I personally prefer to read rather than listen, since I can absorb information faster, so I asked you to recommend the channels you enjoy most, and added some additional. The emphasis of this list is that the information is focused on commercial growers who derive their income from farming. There are lots of great channels for homesteaders and gardeners, but that is not who this list is for.

If there is a channel you believe belongs on the list, please let me know!

These are in no particular order, and all worth scanning to see if they are of personal interest to you.

Menoken Farms
Jason Mauck
Loran Steinlage
Mike Omeg
Living Web Farm</a
Greg Judy
Ernst Götsch (Portuguese)
Bionutrient Food Association
NoTill on the Plains
Organic Grain Resources
National Organic Training
Sustainable Food Trust
Landcare Australia
Savory Institute
Grassfed Exchange
Green Cover Seed
Quivira Coalition
The Wallace Center
Ranching for Profit
SARE Outreach
Cover Crop Kings
Regeneration Canada
Groundswell Agriculture
Richard Perkins
NeverSink Farm
No-Till Growers (vegetables)
Diego Footer (permaculture)
No Till Farmer
Geoff Lawton (permaculture)
Not on Youtube, but worth looking at
CSU Chico

And of course, our channel at Advancing Eco Agriculture, where we post both the webinars and the podcast interviews.

Enjoy, and let me know who should be added to the list!

2020-03-20T03:30:27-05:00January 28th, 2020|Tags: , , |

Healthy plants can resist insects, including grasshoppers

Unhealthy plants transmit a variety of smells and EM signals that insects hone in on. Healthy plants don’t transmit these attractants, and they actively produce resistance compounds. Here are a few paragraphs from the podcast interview with Tom Dykstra:

Generally speaking, ethanol is a universal odorant that advertises itself as being unhealthy. So a lot of the plants will release not just ethanol, but also various alcohol components. Not all alcohols, but many alcohols advertise a plant as being unhealthy; it’s a hallmark of fermentation. Fermentation produces the alcohol.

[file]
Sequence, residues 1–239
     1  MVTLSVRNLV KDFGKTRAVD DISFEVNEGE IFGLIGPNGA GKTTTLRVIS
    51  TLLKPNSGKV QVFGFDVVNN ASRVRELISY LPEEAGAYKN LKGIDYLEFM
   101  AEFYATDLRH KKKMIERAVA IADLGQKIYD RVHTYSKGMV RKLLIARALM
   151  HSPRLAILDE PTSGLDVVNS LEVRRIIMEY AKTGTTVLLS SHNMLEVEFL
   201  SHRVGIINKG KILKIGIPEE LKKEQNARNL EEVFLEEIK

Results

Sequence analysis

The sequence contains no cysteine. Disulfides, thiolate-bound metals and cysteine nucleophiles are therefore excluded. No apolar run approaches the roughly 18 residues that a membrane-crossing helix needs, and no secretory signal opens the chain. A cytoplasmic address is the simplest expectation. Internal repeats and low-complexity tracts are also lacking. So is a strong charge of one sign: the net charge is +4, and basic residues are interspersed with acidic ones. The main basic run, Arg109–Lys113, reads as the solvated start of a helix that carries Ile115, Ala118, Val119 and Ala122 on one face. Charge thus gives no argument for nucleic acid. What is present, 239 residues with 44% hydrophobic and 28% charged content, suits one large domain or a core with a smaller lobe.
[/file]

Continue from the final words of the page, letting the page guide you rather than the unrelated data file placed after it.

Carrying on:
And so when a plant is degrading and it’s in trouble and it’s fermenting, even in a small way—even in an imperceptible way—it will advertise itself. If these odorants are being released, they will be picked up by insects. It will change how the plants are perceived. You can take satellite images of two crop plants and they look different on various images. It can be a visible image. It can be an infrared image. They both may be corn. They both may be soybeans. They both may be anything you could think of, but they will not have the same look under an infrared camera or under a visible camera.

This is something which is very profound in grasshoppers. You don’t find them so much in the United States, but on other continents, locust swarms are a problem. These locust swarms are not just millions of individuals, but billions—sometimes trillions—of insects. They descend upon a very particular crop and take it all the way down to the roots and then pick up and fly away. And they will leave a farmer’s field right next to that exempt. These are the remarkable things that you realize when you see stuff like this— the grasshoppers made a decision. They made a decision to eat one plant over another. Why? Why didn’t they just come down and eat everything? We’ve always been told that grasshoppers will eat anything, and yet there is direct proof in some of the images that I have seen and testimonies of others that, no—they actually are very selective.

Now, I should tell you that grasshoppers are less selective than other insects. Some insects will disappear by a Brix of eight. Other insects will continue to chew on your plants right up through ten, eleven, or twelve Brix. But once they get to about twelve, they will lose interest. And the grasshoppers are among them. You can find the grasshoppers among slightly healthier plants for that reason, but you’re going to find that with the aphids, the leafhoppers, some of the other hemiptera insects, once the plant gets to eight, they lose interest in the plant. You just won’t find hemiptera insects on a plant above eight Brix. And those are the ones that have the beak that they stick into the phloem tissue and take a sip from the sugar water that is flowing around the phloem tissue.